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What Divorcing Spouses Need to Know About Dividing Retirement Assets

Posted on in Divorce

Hurst Retirement Asset Divorce LawyerGetting a divorce can be a complex and stressful process, and there are a variety of issues that will need to be addressed before a marriage can be legally dissolved. Many of these issues will be related to the property division process, and disputes can arise between spouses about who should get what pieces of property or who will be responsible for certain debts. Of the different types of complex property issues that may need to be resolved, determining how to divide assets such as retirement savings accounts or pension benefits can be especially complicated. It is important for spouses to understand the applicable state laws that address the division of assets and the steps they can take to protect their financial interests.

Texas Law on Dividing Marital Assets

Under the Texas Family Code, all property acquired by either spouse during a couple's marriage is considered to be community property that is subject to division in a divorce. This includes any funds saved in retirement accounts or benefits that were earned during the course of the marriage. In Texas, all marital property is subject to “equitable division.” This means that the court will divide property between spouses in a manner that is considered to be "just and right." To determine how property should be divided, a variety of factors may be considered, including each spouse's age, health, earning capacity, education level, job-related skills, and more. Assets will not necessarily be divided 50/50 between the two parties; instead, the court will look at each party's individual situation and determine a way to divide assets as fairly as possible.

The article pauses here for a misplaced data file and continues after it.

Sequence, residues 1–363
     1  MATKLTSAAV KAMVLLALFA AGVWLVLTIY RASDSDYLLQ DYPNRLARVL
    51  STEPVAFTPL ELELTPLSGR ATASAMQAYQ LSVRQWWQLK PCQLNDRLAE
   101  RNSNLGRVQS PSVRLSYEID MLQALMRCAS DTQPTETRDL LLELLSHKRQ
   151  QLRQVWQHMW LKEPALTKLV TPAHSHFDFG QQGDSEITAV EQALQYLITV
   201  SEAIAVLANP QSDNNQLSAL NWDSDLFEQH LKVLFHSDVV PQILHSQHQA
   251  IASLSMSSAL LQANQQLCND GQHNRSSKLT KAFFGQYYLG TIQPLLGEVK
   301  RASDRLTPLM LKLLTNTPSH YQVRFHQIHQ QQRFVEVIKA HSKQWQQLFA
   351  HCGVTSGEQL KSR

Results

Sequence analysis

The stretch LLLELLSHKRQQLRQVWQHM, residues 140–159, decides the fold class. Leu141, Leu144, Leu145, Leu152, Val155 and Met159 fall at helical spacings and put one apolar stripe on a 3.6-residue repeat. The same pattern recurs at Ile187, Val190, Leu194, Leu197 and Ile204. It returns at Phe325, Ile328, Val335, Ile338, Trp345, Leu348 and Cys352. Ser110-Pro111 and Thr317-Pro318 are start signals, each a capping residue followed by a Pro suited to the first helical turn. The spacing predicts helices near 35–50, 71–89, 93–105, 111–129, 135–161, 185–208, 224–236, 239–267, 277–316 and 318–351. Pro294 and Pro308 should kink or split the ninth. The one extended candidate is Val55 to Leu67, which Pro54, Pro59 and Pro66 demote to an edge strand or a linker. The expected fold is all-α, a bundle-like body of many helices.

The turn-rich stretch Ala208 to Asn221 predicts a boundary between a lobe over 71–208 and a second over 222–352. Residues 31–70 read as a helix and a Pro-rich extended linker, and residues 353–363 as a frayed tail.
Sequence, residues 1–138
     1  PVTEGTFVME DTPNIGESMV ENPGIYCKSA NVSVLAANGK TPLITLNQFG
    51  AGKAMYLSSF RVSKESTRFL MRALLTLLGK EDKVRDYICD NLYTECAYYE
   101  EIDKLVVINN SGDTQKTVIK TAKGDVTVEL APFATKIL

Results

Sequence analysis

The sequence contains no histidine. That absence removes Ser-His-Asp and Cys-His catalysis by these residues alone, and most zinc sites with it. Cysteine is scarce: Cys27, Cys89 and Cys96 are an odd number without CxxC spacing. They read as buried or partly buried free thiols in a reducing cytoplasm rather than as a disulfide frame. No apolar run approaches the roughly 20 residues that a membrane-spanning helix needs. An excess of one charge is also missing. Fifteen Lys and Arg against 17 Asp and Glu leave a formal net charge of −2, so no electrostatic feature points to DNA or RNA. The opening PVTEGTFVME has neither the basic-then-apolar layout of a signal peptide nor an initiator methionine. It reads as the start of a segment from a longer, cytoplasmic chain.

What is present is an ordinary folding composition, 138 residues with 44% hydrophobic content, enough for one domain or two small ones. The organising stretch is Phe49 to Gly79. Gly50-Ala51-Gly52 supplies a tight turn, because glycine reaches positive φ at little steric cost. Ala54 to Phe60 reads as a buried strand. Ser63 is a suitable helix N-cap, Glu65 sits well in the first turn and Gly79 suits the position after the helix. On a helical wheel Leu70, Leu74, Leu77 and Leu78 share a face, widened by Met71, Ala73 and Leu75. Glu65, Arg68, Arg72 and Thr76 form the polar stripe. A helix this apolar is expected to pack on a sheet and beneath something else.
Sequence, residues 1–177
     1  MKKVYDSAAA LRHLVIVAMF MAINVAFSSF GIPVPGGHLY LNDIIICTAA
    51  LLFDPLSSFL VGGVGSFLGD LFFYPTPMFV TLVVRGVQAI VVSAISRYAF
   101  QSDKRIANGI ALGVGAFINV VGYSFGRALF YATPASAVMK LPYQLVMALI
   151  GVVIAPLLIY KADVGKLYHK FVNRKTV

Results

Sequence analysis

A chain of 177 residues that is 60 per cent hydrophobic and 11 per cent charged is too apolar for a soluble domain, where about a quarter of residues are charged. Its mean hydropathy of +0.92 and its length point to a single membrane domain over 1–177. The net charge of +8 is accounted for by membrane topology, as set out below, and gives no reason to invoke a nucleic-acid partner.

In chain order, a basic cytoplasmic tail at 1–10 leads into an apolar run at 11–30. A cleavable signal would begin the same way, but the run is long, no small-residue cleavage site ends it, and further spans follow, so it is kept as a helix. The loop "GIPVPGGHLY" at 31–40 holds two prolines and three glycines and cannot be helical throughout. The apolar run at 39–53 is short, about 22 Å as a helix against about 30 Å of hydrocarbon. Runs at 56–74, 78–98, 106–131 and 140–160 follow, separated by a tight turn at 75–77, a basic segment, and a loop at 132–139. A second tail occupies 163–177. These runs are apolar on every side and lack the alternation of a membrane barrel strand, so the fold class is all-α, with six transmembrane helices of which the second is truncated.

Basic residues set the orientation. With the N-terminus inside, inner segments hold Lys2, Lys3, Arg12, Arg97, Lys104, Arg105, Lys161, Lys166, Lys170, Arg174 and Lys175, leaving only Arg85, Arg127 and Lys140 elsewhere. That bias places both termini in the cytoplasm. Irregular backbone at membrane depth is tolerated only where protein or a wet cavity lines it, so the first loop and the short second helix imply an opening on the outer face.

Retirement Assets and QDROs

Retirement accounts are considered marital property in Texas, and thus, they must be divided alongside other property during divorce proceedings. Retirement assets that may need to be addressed include 401(k)s, pension plans, IRAs, stock options, annuities, and deferred compensation plans. The ways these assets may be divided can vary depending on a couple's individual situation. For example, each spouse may maintain ownership of a 401(k) or IRA that is in their name, but if one spouse's account has a higher balance, some of the funds in their account may be transferred to the other spouse.

When dividing funds in retirement accounts or other retirement assets, spouses will usually need to file a Qualified Domestic Relations Order (QDRO). A QDRO is a legal document that orders a plan administrator to pay benefits from an employee’s qualified retirement account to an alternate payee—in this case, the other spouse. When using a QDRO to transfer funds, the account holder will not be required to pay penalties for withdrawing funds before retirement age. As long as the funds are rolled over into another retirement account, taxes will not need to be paid on the amount that is withdrawn. It is important to remember that QDROs can be complex documents, so it is best to have one drafted by an attorney who has experience handling family law matters. 

Contact Our Tarrant County Retirement Asset Division Lawyer

If you need to divide retirement accounts or other complex assets during your divorce, it is important to consult with an attorney who can help you understand the best ways to resolve disputes while protecting your financial interests. At Daniel R. Bacalis, P.C., our Hurst, TX property division attorney can provide guidance during your divorce and help you understand how the laws apply in your situation. We will advocate on your behalf and help you find solutions that will provide you with the financial resources you need after you complete the divorce process. Contact us at 817-498-4105 to arrange a free consultation.


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